ETHIOPIA, the land of Emperor Haile Selassie, is a land of many lands and a kingdom of many kingdoms. Ethiopia is now a landlocked country located at the north-eastern part of Africa (the horn of Africa).
Ethiopia follows Nigeria (about 178 million people) as the second most populous country in all of Africa with a population of about 92 million people with the population growth rate around 3.6%.
Ethiopia shares borders with the Republic of Kenya to the south, the Republic of Eritrea to the North (Eritrea used to be part of Ethiopia. The separation made Ethiopia a landlocked country), the Republic of Sudan to the West, and the Republics of Djibouti and Somalia to the East. Ethiopia has a total land area of about 1,100,000 squared kilometers.
Ethiopia is blessed with abundance of natural resources such as gold, Potash, unexploited natural gas or Methane, copper and platinum. Meanwhile, Ethiopia has the second largest poor population in Africa and it is the second poorest country in the world according to the New UNDP Human Development Multidimensional Poverty Index.
According to the New Poverty Index, about 90% of the total Ethiopian population live below poverty line with about 62% deprived of adequate schooling. Ethiopia has a very rich history and a beautiful blend of several cultures of people of all colors and races. Ethiopia is the only African country never been colonized yet the long years of poor governance, corruption, unequal distribution of funds, etc. have crippled Ethiopia’s economy to the point where people continue to die from extreme poverty and hunger.
Ethiopia like its neighboring countries suffers a great deal from natural challenges such as drought and unpredictable flooding. Just like Niger (the poorest country in the world according to the multidimensional poverty index), the majority of the Ethiopian population are poor subsistence farmers who grow crops and rear animals just to feed themselves and their families.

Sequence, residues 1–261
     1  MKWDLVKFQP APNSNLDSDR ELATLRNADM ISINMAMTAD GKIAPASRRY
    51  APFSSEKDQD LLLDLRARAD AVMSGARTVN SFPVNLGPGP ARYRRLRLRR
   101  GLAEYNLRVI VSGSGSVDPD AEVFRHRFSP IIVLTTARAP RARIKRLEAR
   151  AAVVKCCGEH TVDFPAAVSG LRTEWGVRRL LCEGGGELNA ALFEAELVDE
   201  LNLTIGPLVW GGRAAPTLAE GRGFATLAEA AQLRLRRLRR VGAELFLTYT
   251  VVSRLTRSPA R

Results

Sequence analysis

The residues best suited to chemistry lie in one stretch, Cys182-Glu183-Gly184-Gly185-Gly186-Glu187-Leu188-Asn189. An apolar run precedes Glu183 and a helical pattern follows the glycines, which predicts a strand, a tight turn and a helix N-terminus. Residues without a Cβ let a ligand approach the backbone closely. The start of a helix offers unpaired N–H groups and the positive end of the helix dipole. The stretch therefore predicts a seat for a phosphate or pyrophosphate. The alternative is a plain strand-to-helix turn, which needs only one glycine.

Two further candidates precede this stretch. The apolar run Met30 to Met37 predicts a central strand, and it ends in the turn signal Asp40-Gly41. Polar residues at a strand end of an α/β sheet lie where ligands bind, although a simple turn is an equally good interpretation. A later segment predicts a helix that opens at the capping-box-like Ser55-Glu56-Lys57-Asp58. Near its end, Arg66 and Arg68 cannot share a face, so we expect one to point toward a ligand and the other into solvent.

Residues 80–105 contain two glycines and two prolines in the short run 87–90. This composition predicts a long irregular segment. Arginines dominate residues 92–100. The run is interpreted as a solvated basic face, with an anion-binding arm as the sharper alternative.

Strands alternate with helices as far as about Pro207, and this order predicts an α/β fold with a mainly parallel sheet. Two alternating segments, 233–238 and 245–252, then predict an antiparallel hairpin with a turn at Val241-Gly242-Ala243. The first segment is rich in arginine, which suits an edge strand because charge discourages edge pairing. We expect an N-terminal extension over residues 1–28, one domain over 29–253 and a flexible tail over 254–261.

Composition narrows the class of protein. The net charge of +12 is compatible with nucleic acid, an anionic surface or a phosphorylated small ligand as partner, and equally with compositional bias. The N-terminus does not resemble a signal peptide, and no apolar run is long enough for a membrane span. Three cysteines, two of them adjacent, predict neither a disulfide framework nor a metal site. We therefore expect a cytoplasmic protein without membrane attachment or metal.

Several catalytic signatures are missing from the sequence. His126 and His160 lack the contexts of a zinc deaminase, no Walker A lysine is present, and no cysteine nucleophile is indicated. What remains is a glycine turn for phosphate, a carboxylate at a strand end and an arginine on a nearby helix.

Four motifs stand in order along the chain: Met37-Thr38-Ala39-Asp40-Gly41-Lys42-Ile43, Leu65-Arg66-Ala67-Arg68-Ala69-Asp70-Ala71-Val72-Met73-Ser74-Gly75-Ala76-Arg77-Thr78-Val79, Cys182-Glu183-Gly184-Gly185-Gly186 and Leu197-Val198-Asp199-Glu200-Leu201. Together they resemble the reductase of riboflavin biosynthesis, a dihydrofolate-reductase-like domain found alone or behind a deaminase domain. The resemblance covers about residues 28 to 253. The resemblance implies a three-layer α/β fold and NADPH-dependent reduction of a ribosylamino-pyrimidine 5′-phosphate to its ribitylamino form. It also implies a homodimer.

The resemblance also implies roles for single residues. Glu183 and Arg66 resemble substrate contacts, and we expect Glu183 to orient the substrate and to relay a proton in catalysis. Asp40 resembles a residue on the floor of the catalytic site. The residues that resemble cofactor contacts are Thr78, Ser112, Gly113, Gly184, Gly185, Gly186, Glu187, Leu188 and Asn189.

Since Ethiopia’s economy depends mostly on agriculture (about 45 to 50% of GDP), natural causes such as drought and sometimes unpredictable flooding put the entire economy of Ethiopia in a very bad shape and leave many starving.
Illiteracy is another major reason why Ethiopia wallows in poverty. Ethiopian leaders today do not pay much attention to education. Ethiopia has a literacy rate of 42.7% which implies only about 42.7% of the total population of Ethiopia above age 15 can read and write. This literacy rate is very bad compared to countries like Eritrea (a neighboring country).
Due to extreme poverty and hunger, most children of school going age are out of school and most are forced into child labor, child trafficking and most recently, child prostitution. Most children in Ethiopia are forced into petty trading especially along the major streets of big cities such as Addis Ababa (the capital of Ethiopia with a population of about 5 million people), Dire Dawa, Adama or Nazret, Gondar, Dese or Dessie, Mek’ele, Jimma and Bahir Dar.
Coffee which is very critical to the Ethiopian economy (with exports around $400 million dollars a year) sometimes meet low prices on the international market which puts the entire Ethiopian economy in a very bad shape.
Poor governance and corruption are major problems in almost all African countries. Most political figures in Ethiopia today are very corrupt with little or no experience at all. Poor governance and political instability in Ethiopia also drives investors away. The war with Eritrea a neighboring country (1998-2000 with the loss of about 80,000 lives) for example, crippled the entire Ethiopian economy and drove many investors away.
However, Since the end of the war with Eritrea in 2000, Ethiopia has seen significant improvement in its agricultural and other sectors of the economy. Meanwhile poor governance and corruption continue to tear the great Ethiopia into pieces.